Body fatness and clustering of cardiovascular disease risk factors in Portuguese children and adolescents

Am J Hum Biol. Sep-Oct 2004;16(5):556-62. doi: 10.1002/ajhb.20056.


Modifiable cardiovascular risk factors that increase the risk for cardiovascular diseases (CVD) in adult populations have also been observed in pediatric populations. Childhood and adolescence obesity has been strongly implicated in the clustering of risk factors. The aims of the present study were 1) to examine whether clustering of CVD risk factors, either biological risk factors (high blood pressure (HBP), percentage of high fat mass (%HBF), and high total cholesterol (HTC)) and one behavioral/lifestyle risk factor (low physical activity index (LPAI)) exist, and 2) to analyze the relationship between body fatness and the clustering of other risk factors. The cluster of CVD risk factors was determined in 1,533 (8-15 years of age) children, 731 males (age 10.8 +/- 2.3 years; weight, 40.6 +/- 12.7 kg; height, 143.1 +/- 14.1 cm; BMI, 19.4 +/- 3.4 kg(-2)) and 802 females (age, 11.0 +/- 2.4; weight, 41.0 +/- 12.4; height, 142.8 +/- 13.2; BMI, 19.7 +/- 3.5). Sex- and age-specific "high risk" quartiles were formed for each of the biological risk factors and the lifestyle factor. Thus, for blood pressure (high blood pressure, HBP), cholesterol (high cholesterol, HTC), and obesity (high percent of body fat, HBF), the sex- and age-adjusted 4th quartile (4Q) was defined as the "high risk" quartile, while for physical activity the 1st quartile (1Q) was defined as the "high risk" quartile. The majority of children (62% of boys and 62% of girls) at risk of obesity are at risk of another risk factor. In our sample, estimated ORs indicated that, compared with 1Q, the "risk of obesity" children and adolescents were two times as likely (P < 0.001) to have two or three risk factors. Our results suggest that children 8-15 years old in the highest quartile of body fatness are an increased risk of having a cluster of other risk factors, namely HBP, HTC, and LPAI. These data provide further evidence that juvenile obesity warrants early intervention because the patterns of unhealthy behavior are formed in adolescence and young adulthood.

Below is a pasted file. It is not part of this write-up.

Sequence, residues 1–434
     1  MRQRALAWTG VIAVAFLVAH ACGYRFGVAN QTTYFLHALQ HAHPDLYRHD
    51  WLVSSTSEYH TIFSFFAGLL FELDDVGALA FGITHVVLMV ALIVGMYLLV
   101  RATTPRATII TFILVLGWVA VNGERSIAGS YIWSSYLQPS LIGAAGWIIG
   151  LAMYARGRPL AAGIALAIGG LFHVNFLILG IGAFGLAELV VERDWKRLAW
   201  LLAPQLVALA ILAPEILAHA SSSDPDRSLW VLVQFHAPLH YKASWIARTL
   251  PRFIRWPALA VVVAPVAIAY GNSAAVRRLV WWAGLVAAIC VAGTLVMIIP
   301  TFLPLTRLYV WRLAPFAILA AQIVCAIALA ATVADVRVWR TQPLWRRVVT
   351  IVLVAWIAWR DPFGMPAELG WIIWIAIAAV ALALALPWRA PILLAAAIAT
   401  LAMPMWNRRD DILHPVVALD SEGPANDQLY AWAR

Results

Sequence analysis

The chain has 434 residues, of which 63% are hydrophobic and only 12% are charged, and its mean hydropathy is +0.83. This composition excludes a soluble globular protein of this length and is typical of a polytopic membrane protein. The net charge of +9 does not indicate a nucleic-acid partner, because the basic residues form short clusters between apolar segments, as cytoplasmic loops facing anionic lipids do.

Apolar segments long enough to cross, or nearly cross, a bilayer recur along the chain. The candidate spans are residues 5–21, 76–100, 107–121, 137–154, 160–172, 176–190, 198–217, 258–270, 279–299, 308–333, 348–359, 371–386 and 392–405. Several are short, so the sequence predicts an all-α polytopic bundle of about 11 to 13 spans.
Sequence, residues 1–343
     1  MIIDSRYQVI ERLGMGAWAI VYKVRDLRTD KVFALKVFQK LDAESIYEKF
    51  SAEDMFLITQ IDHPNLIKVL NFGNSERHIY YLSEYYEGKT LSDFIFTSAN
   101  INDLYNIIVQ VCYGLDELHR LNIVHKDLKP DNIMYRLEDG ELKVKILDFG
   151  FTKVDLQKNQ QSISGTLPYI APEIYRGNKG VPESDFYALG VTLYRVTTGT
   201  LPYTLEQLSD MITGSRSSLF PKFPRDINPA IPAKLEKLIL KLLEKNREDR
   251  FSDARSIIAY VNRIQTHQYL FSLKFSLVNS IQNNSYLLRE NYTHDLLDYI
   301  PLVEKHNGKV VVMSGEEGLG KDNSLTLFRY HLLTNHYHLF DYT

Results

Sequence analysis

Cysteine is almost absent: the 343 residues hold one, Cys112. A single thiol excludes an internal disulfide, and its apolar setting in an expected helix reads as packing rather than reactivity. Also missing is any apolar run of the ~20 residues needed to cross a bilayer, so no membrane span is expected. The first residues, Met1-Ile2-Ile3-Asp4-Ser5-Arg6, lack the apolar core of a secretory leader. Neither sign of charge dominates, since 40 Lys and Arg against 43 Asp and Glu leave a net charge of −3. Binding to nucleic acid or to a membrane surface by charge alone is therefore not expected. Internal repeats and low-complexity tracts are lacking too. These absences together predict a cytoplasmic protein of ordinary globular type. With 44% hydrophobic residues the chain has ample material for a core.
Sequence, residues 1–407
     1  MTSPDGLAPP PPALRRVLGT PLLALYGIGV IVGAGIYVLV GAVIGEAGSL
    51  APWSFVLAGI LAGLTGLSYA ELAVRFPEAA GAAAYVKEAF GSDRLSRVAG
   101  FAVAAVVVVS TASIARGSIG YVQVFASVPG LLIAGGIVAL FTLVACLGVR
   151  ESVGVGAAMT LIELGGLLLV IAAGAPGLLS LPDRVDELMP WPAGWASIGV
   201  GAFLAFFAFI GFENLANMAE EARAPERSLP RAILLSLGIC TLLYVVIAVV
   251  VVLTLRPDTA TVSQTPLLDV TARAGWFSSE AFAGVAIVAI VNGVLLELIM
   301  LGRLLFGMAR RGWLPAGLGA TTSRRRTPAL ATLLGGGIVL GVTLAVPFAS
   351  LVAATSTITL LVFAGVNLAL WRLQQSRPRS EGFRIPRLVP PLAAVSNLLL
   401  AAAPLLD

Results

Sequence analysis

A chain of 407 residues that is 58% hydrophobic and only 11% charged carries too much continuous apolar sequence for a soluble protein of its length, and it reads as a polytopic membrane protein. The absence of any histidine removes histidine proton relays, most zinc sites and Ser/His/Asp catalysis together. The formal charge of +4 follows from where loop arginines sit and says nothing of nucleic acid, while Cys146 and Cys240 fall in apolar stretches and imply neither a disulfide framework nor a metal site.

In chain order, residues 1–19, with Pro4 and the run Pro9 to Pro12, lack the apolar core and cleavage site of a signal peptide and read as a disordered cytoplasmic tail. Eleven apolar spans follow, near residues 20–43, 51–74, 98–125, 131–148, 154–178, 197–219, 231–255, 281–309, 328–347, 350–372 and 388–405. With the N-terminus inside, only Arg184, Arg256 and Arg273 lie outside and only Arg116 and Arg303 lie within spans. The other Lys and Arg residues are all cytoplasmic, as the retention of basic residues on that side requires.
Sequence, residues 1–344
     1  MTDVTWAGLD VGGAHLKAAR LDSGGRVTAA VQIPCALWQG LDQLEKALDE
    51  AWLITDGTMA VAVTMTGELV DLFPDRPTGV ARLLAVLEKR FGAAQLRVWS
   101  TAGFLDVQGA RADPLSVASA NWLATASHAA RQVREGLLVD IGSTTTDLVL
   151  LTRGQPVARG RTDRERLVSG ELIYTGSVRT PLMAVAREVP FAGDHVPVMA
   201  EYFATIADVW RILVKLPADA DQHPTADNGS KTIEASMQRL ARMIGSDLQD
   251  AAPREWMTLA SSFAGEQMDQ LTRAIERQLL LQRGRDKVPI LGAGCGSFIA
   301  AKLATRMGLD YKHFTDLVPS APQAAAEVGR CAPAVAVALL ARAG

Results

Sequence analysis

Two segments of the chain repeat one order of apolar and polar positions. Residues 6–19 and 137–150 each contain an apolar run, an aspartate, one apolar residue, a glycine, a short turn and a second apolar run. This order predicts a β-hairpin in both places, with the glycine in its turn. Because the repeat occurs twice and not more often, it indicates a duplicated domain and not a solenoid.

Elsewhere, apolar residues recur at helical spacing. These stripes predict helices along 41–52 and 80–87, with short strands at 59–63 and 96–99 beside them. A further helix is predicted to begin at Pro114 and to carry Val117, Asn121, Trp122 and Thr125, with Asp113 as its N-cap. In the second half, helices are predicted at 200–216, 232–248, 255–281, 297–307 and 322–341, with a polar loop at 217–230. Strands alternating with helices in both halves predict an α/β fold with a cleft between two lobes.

Publication types

  • Comparative Study
  • Research Support, Non-U.S. Gov't

MeSH terms

  • Adolescent
  • Age Distribution
  • Anthropometry
  • Blood Pressure Determination
  • Body Composition
  • Body Mass Index*
  • Cardiovascular Diseases / diagnosis
  • Cardiovascular Diseases / epidemiology*
  • Child
  • Cluster Analysis
  • Cohort Studies
  • Comorbidity
  • Female
  • Humans
  • Incidence
  • Logistic Models
  • Male
  • Obesity / diagnosis
  • Obesity / epidemiology*
  • Odds Ratio
  • Physical Fitness*
  • Portugal / epidemiology
  • Probability
  • Risk Assessment
  • Sex Distribution